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02 May 2018 Photo Charl Devenish
South Campus UAP celebrates 27 years of access to education
Mr Francois Marais, Prof Kalie Strydom, Prof Daniella Coetzee (South Campus Principal), Prof Francis Petersen, Dr Nthabeleng Rammile (Vice-Chairperson of the UFS Council), and Dr Khotso Mokhele (Chancellor of the UFS).

More than 27 years ago, international funding from the Human Sciences Research Council and Anglo American was put to an unusual use for that time. Prof Kalie Strydom’s research unit at the University of the Free State (UFS) was tasked with reviewing how institutional missions would change in the new South Africa. Prof Strydom worked closely with surrounding communities in Bloemfontein to develop a bridging course which would help students who showed potential to access tertiary education, although they did not meet the requirements. His vision brought to birth the University Access Programme (UAP), as it is known today, which is hosted on the UFS South Campus, and is still providing unique access to higher-education institutions in South Africa.

People with a passion for human development
March 2018 saw the 27th anniversary of this remarkable initiative, which has given a second chance to over 18 000 students. Special guests at the event included Prof Strydom, Mr Francois Marais, and representatives from the Department of Higher Education and Training and Investec’s corporate social investment office.

Dr Sonja Loots, researcher in the UFS Centre for Teaching and Learning (CTL), singled out two key individuals in the formation of the UAP: Prof Kalie Strydom, who initiated the programme, and Mr Marais, who has been Director of the UAP since its inception. Dr Loots highlighted one of the driving forces behind Prof Strydom’s perseverance, vision, and determination with the UAP by quoting from an interview with him for an upcoming book on student access and success. He said, “It was a decision based on principle … to be part of the solution to a better country.”

Access and success still an issue today
In his presentation on the “Importance of Access”, Prof Francis Petersen, Rector and Vice-Chancellor of the UFS, pointed out the vital role of access in South Africa, especially the value it offers for the betterment of the country’s people. However, he said that student success is also an issue, and institutions need to be accountable for it. Quoting Prof John Martin of the University of Cape Town’s Faculty of Engineering, “We must be flexible on access, but robust on success.” Only by “closing the loop” in this way, can the UFS and other higher-education institutions ensure a valuable contribution to the economy of the country.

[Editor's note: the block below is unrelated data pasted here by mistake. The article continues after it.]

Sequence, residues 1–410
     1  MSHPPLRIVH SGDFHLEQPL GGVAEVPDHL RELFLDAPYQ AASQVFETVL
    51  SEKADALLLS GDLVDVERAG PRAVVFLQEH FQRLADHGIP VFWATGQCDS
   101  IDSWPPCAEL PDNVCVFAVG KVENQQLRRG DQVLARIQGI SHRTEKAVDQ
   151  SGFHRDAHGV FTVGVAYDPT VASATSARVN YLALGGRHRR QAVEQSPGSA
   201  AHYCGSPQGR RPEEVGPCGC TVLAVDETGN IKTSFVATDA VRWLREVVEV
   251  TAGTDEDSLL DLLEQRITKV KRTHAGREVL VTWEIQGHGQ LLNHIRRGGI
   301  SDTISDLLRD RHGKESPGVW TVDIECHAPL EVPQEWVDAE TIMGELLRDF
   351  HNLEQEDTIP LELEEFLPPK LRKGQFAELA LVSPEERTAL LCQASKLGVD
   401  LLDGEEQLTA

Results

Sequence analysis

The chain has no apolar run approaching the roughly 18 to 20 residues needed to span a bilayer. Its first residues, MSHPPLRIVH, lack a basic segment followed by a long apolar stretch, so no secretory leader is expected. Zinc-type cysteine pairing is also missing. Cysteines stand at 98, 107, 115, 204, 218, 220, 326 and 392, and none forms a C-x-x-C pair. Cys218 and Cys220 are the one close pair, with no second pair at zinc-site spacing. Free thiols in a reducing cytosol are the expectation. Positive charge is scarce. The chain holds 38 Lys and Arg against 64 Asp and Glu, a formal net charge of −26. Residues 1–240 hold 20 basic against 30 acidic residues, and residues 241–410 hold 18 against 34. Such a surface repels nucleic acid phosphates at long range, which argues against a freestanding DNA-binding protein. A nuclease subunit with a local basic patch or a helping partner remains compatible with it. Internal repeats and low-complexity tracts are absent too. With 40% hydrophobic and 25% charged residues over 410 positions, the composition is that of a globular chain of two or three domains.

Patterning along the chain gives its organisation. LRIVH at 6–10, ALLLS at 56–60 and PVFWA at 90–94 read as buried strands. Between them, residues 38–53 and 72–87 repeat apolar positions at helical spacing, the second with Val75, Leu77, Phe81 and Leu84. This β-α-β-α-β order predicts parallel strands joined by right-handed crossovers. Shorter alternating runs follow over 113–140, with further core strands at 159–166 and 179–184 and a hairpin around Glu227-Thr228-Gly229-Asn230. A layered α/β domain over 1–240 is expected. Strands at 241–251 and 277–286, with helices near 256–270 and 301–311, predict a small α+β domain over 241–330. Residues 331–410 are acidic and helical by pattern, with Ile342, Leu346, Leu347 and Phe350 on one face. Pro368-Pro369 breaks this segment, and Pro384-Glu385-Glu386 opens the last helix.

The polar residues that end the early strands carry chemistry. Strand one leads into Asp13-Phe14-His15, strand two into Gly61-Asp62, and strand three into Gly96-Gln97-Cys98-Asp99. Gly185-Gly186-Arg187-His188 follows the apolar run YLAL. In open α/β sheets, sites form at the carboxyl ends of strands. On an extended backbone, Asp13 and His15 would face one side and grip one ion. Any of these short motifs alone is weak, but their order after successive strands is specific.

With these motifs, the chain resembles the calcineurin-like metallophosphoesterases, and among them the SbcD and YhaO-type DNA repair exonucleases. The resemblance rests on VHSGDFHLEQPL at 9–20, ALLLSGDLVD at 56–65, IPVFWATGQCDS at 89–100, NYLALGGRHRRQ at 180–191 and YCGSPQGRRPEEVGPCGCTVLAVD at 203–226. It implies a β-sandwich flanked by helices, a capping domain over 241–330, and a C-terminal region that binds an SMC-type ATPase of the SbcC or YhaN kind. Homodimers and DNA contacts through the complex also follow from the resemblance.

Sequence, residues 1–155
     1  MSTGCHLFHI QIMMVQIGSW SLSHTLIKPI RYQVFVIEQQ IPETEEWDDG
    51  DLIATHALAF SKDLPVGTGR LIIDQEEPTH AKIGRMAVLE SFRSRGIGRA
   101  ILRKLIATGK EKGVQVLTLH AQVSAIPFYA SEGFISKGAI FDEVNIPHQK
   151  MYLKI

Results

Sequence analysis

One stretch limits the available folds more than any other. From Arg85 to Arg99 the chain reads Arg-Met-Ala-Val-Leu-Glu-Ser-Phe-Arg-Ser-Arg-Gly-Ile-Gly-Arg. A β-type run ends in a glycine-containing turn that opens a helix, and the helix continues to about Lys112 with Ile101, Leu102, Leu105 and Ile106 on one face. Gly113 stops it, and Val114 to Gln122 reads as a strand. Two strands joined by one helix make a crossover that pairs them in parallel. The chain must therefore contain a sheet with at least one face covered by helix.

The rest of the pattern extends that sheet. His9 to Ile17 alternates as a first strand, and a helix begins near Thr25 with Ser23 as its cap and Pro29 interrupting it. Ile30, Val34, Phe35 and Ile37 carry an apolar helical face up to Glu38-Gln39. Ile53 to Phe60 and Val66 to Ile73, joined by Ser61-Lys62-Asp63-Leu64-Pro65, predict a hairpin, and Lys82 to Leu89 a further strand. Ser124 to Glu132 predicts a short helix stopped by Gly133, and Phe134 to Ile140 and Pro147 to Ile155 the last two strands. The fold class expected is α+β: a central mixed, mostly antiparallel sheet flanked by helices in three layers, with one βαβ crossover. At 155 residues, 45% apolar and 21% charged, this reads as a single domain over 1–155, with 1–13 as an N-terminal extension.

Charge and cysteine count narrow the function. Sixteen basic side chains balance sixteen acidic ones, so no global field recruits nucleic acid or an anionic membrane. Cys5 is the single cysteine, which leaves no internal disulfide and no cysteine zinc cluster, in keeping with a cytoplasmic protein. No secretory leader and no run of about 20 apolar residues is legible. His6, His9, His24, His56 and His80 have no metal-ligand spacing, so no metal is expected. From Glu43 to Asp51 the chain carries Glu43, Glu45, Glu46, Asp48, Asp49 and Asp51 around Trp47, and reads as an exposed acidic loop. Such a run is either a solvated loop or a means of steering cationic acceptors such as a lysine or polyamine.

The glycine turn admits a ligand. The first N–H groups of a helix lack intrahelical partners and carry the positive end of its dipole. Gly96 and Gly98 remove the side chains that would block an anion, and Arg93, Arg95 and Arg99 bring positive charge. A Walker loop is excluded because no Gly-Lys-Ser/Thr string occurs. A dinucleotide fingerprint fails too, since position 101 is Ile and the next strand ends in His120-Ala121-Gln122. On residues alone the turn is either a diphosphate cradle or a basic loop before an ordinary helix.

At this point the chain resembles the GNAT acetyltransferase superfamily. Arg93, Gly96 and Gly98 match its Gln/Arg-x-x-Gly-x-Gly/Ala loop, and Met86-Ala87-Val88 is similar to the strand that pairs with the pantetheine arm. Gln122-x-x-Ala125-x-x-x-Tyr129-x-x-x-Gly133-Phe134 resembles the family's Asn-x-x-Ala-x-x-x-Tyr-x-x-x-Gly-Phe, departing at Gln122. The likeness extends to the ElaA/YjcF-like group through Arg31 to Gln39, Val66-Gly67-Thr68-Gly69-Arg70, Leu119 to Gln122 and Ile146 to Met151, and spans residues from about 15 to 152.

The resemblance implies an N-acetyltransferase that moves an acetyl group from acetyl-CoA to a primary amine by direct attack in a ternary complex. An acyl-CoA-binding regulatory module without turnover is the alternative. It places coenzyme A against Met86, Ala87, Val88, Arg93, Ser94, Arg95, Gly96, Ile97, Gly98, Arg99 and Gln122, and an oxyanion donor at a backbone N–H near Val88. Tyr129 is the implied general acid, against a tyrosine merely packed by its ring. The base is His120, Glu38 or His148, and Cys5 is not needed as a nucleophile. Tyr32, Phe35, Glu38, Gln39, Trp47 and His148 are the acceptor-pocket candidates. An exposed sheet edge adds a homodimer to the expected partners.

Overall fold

News Archive

Research conducted on economic impact of recent international soccer and rugby matches for Bloemfontein
2004-09-09

The Centre for Development Support at the University of the Free State (UFS) recently conducted a survey on the economic impact of the international soccer and rugby games that were played in Bloemfontein earlier this year.

The research focused on the soccer match between Bafana Bafana and the Cape Verdic Isle and the rugby match between the Springboks and Ireland .

“The survey was done as a result of a research agenda about local economic development in Bloemfontein ,” said Dr Lochner Marais, researcher at the centre.

“We conducted the research by doing 402 interviews with soccer supporters and 376 interviews with rugby supporters from outside Bloemfontein ,” said Dr Marais.

The centre distributed questionnaires, collecting the following information on the soccer and rugby supporters: their age, gender and origin, the number of nights spend in Bloemfontein , their household expenditure in Bloemfontein and their rating on the quality of service.

“It is estimated that 10 800 soccer supporters and 27 000 rugby supporters came from outside Bloemfontein . Of the rugby supporters 14,4% were female and 85,6% were men. For the soccer international the percentage was 33% females and 67% males,” said Dr Marais.

The highest number of people who came to watch the soccer game in Bloemfontein (35,8%) was from the Northern Free State . The rugby supporters mainly came from Gauteng (21,8%) and the Northern Free State (18%).

When visiting Bloemfontein soccer supporters spend R912 per household, whilst rugby supporters reached deeper in their pockets and spent R1 807 per household.

“The survey indicated that the two international matches resulted in approximately R58 million been spent in Bloemfontein . Rugby supporters were accountable for the largest part (R48 787 205) spent. The largest chunk of the money spent was on accommodation (R14 593 279). On average soccer and rugby supporters from outside Bloemfontein spent 1,4 and 1,9 nights in Bloemfontein ,” said Dr Marais.

Rugby and soccer supporters were also asked to rate the quality of service received from amongst others hotels, guest houses, restaurants, and transport and entertainment facilities. Soccer supporters rated their satisfaction with services higher as rugby supporters. The rugby supporters gave the services at hotels a 3,9 rating, whilst soccer supporters awarded 4,6 rating out of a possible five.

Media release
Issued by: Lacea Loader
Media Representative
Tel: (051) 401-2584
Cell: 083 645 2454
E-mail: loaderl.stg@mail.uovs.ac.za
9 September 2004
 

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